That happens throughout the process. [It’s] not just [asking], “Do you want a community garden? What trees should [be saved] or [what] neighborhood history we should honor?” But every decision about how you’re operating a property, really fostering the agency in the community, giving them that ability to say, “This is our home, and we should have a voice in how things are being carried out in the property whether we’re renters or not.”

 

Properties that get the term “naturally occurring affordable housing” tend to get that way through a combination of long-standing public decisions about investment and disinvestment, deferred maintenance, and what we let landlords get away with. But they do house a large percentage of lower-income individuals. And for the smaller-scale ones, many are owned by individual landlords who may not have the resources to weather an economic downturn, and people are worried about those properties getting snapped up by larger corporate landlords. What can be done at the various levels of government to preserve the affordability of these properties and keep them in local ownership?

Ponsor: First is figuring out where these properties are, [and] who owns [them]. And then also creating resources. There’s some great examples out of the District of Columbia. And then there’s notice requirements. No one should be caught off guard that their building is sold. Residents deserve to know, and community institutions and partners that may be able to lend capital and expertise should know as well.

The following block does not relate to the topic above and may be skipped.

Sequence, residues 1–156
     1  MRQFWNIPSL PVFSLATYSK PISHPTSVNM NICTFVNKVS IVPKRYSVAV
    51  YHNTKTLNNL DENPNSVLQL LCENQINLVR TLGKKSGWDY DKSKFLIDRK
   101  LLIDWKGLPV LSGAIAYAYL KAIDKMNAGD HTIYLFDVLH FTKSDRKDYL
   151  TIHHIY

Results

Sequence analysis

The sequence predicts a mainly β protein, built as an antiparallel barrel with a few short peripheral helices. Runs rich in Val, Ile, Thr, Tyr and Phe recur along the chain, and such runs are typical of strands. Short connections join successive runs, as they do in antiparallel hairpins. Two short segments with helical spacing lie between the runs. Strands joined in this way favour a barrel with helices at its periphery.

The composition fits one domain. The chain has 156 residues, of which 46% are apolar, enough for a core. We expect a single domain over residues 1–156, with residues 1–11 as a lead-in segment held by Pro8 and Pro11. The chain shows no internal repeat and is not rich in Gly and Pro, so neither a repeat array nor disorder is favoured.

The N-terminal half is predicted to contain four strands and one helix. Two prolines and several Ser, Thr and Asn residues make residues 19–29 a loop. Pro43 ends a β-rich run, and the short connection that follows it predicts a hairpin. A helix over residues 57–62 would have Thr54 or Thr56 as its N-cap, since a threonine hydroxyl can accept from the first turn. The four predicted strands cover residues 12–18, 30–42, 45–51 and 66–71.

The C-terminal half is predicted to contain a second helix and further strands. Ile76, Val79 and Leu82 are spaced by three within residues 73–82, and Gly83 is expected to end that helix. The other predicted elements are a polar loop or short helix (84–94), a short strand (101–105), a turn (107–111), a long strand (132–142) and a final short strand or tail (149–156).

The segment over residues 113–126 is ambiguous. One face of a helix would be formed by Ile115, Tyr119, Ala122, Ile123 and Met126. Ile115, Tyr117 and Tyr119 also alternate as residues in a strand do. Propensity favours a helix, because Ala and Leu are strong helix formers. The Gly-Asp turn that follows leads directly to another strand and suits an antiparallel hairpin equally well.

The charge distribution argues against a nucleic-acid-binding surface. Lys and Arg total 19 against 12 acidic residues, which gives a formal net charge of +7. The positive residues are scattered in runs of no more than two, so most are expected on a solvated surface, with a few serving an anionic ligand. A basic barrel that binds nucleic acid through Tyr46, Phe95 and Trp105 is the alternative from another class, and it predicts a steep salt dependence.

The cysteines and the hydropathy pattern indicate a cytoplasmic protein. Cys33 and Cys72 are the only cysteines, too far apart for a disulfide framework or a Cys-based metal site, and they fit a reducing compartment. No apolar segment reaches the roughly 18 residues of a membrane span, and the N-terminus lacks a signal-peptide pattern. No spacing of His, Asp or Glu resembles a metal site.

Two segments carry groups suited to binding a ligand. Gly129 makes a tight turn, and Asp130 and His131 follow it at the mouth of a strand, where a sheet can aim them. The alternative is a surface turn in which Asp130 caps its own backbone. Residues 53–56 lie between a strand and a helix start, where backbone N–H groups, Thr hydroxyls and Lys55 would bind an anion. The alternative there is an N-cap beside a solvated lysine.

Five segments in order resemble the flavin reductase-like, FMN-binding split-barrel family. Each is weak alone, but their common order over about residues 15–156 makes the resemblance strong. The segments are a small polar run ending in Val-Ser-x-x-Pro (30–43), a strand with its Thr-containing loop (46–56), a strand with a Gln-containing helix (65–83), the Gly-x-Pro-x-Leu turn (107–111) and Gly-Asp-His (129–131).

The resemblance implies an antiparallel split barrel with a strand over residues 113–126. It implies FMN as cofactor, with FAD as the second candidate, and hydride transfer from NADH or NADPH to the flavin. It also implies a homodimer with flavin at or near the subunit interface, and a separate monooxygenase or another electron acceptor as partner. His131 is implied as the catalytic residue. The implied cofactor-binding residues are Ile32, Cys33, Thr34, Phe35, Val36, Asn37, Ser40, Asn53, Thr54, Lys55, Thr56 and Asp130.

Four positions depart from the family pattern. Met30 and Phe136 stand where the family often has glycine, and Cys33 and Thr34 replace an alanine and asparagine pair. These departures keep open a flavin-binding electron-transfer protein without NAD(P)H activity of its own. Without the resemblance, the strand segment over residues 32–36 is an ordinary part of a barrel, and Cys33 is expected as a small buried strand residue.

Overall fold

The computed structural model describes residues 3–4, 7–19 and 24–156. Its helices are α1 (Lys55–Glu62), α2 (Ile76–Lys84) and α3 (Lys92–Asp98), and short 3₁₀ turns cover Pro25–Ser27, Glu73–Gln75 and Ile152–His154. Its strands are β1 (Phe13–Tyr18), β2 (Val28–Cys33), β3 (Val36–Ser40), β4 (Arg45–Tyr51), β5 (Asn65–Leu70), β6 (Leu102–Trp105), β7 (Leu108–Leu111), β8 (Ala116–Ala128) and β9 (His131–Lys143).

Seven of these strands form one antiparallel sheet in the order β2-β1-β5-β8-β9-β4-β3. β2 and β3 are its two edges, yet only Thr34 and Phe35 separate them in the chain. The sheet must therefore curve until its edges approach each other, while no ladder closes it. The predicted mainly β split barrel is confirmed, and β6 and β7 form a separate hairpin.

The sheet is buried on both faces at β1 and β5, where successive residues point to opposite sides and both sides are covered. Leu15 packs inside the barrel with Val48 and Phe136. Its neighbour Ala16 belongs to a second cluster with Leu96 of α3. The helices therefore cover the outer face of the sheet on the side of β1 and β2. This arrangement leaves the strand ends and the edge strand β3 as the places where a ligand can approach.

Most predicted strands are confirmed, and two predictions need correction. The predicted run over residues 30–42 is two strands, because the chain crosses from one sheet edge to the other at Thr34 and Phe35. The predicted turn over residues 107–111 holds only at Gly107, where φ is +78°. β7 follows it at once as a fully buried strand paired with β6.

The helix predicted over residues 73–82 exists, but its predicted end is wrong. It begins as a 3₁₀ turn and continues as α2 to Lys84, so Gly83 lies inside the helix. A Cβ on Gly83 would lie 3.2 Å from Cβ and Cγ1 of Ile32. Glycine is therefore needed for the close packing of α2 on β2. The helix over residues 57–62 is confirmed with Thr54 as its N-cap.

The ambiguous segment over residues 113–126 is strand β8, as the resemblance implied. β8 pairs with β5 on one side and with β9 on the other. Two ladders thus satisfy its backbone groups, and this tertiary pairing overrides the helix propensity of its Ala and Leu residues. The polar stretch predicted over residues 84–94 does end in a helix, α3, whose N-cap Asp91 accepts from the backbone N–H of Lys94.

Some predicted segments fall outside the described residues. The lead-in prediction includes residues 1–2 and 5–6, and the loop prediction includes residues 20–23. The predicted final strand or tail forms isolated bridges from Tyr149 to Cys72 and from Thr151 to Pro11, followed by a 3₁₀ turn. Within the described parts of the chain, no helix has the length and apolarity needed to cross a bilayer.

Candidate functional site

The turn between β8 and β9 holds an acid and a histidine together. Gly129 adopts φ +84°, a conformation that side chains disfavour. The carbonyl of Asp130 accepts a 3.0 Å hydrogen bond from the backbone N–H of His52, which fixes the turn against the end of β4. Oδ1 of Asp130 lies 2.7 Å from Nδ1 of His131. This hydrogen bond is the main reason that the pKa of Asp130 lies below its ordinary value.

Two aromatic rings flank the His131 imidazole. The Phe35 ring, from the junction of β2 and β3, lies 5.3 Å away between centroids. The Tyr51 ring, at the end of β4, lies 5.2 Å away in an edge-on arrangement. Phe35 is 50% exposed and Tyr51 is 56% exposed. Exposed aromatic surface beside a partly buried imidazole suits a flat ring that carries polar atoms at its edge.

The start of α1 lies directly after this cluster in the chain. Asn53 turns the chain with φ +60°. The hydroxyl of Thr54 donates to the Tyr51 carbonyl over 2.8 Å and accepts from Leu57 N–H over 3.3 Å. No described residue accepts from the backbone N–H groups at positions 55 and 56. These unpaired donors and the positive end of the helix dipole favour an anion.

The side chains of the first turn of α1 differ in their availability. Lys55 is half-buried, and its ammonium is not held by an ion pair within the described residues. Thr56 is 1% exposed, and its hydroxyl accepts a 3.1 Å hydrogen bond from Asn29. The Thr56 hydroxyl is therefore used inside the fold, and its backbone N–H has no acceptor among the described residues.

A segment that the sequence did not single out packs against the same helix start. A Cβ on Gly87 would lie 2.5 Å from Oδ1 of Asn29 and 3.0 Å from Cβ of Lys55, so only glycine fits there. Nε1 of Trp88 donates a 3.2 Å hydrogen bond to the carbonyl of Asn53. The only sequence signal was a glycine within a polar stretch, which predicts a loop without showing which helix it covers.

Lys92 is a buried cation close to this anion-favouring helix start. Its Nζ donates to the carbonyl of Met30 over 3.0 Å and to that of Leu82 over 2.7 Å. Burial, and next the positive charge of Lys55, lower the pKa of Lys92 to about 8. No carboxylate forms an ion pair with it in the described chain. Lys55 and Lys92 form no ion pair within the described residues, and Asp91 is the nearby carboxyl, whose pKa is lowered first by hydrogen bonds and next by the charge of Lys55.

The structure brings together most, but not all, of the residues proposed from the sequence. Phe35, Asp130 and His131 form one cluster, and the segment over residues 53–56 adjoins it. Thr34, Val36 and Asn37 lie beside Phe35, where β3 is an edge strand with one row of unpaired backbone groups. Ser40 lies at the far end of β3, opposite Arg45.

Roberto, how did you fund your years of organizing?

De la Riva: As we became center narrative in the city, we were able to generate a lot of donations. We came up with our own fundraising campaign, and when we came up for the purchase, the landlord and his business partner finally said, “OK, we’ll sell the buildings to you.” It was about a $7 million, but these buildings were sucked dry. There weren’t any repairs [done], and so the total development cost was roughly around $10 million.

The city threw down a $3.4 million loan. LISC came up with a bunch of money, we raised a bunch of money, and the land bank threw down a bunch of money to buy and hold. So right now we’re in the buy-and-hold stage and the refinancing stage. So that’s when we’re reaching out to the Devins of the world, to the Andreas, to really talk and figure out how we’re going to finance this. We’re building that model.

 

How do you define community when you’re talking about community control? And explain how the people represented by that community are represented in the governance of your organization?